One of the blogs I enjoy reading is Study Hacks. Cal has some good insights, and the background and research to back it. So I've rearranged my week slightly to focus on a few things, at a time, and just do them. Here's my life as a grad student.
8am get into the study room. My computer is set to block most distracting sites from 8:15 onwards, so I have a brief chance to check in on a few internet things, if I'm not running late.
Then, I hit the languages for about 2 hrs. I spend time working on Greek, Latin, Hebrew, and Gaelic. The first 3 are core languages in decreasing importance for my study areas. Gaelic I pursue just for interest, but I find I need to slot it in here otherwise I neglect it entirely. I try and wrap up language stuff around 10-10:30.
The rest of my day is dictated by what day it is:
Monday I need to get a lecture outline done for Wednesday night, so I spend some time getting that out of the way first. Then I spend the day reading. I was reading slices of books, and swapping between books, but I've reconsidered and decided just to read straight through the same work until I've finished whatever I need to.
Tuesday is writing day. It's also the day the post-grads have prayer, then lunch, then coffee together. So that takes some time out of the day. Besides that I just try and write something that should go in the final product.
Wednesday I have to spend about 4 hrs preparing for giving 2 Church History lectures in the evening, so that's my major focus, and I don't worry about getting anything else done, but if I get a chance I will.
Thursday is translation day. I spend a bit of time on a Chrysostom text unrelated to my thesis, and other time on bits of the homilies. The aim is to spend as much time in the Greek as possible.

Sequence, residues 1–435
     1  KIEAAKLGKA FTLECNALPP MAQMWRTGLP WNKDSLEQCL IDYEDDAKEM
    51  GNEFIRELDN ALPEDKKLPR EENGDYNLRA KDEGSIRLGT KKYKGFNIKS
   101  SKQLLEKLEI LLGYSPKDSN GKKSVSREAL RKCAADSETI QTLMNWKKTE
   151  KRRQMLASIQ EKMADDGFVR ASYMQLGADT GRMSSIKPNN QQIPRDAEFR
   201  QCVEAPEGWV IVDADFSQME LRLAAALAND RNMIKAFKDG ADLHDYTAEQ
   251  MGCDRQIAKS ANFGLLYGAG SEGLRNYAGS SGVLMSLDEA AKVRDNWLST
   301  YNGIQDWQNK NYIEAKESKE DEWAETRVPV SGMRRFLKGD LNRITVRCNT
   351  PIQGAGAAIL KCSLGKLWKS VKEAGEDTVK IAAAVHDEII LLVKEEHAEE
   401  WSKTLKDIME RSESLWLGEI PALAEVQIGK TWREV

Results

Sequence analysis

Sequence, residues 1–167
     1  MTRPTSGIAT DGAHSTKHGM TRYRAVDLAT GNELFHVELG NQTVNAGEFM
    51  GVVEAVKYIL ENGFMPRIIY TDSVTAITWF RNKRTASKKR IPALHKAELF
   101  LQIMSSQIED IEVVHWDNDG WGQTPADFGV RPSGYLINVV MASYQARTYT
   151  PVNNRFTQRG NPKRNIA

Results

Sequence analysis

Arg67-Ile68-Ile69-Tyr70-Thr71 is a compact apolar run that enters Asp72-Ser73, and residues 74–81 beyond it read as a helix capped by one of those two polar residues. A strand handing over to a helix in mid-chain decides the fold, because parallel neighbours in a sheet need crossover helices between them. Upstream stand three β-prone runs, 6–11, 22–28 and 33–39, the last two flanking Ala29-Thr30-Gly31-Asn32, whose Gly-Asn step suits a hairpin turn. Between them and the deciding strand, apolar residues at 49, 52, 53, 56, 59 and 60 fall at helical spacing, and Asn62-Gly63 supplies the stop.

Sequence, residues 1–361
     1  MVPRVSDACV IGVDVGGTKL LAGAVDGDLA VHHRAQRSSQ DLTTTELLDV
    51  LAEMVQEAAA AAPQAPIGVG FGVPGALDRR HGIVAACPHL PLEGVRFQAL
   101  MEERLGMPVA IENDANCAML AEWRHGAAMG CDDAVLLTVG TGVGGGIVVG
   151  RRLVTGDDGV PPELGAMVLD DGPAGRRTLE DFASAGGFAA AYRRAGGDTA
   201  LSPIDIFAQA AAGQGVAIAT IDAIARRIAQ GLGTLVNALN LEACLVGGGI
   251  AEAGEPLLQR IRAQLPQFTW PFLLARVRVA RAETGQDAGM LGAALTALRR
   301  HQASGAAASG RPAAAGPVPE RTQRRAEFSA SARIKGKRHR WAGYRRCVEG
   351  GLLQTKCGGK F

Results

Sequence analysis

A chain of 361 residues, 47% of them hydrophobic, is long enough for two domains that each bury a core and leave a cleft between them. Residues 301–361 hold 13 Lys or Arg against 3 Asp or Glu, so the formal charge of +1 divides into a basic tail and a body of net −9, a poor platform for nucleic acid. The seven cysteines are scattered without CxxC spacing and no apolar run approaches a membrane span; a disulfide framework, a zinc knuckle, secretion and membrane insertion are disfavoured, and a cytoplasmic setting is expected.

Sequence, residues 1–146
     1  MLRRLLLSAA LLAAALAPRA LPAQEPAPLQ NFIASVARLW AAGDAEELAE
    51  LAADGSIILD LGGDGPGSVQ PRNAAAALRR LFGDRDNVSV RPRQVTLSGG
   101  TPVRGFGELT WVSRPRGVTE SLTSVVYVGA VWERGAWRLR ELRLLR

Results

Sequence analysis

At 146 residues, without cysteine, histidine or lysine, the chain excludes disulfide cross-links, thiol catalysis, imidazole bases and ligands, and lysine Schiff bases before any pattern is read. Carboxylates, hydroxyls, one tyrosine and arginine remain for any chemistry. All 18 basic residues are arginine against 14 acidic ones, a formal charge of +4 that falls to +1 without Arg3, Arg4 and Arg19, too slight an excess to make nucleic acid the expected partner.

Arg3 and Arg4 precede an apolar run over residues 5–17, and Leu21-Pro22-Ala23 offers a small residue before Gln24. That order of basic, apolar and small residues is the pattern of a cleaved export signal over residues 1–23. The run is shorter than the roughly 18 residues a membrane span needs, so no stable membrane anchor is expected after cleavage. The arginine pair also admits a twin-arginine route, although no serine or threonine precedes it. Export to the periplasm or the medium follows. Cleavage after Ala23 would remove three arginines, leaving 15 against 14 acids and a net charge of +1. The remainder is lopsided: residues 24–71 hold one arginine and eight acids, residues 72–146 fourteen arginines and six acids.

Friday is primary analysis day. I work on the primary texts for my thesis, marking down comments and analysis that will form the major section of my thesis.
6 hrs or so is so obviously too long to sit at a desk, if one wants to maintain anything like a good level of retention and focus. So I go over to the gym for an hour/hour and a half, as well as have a lunch break of 30-60mins (I prefer the shorter side, but sometimes things take longer. This allows me to break my focus, get some exercise, and work more efficiently. I try and wrap it up at 4:45 and get to the train station by 5.
The other thing I'm trying to do, is read less, and older. I have a tendency to want to read lots of books, but I need to keep in mind C.S. Lewis's words from his introduction to Athanasius' De Incarnatione, "It is a good rule, after reading a new book, never to allow yourself another new one till you have read an old one in between. If that is too much for you, you should at least read one old one to every three new ones." Especially since my field is Patristics! So, in my languages work, I'm reading slowly through Ignatius of Antioch's Epistles, and Augustine's Confessions. Apart from that I've set up a reading list to get through a list of major patristic works, things to read on the train in particular. I've started in on Justin Martyr's First Apology.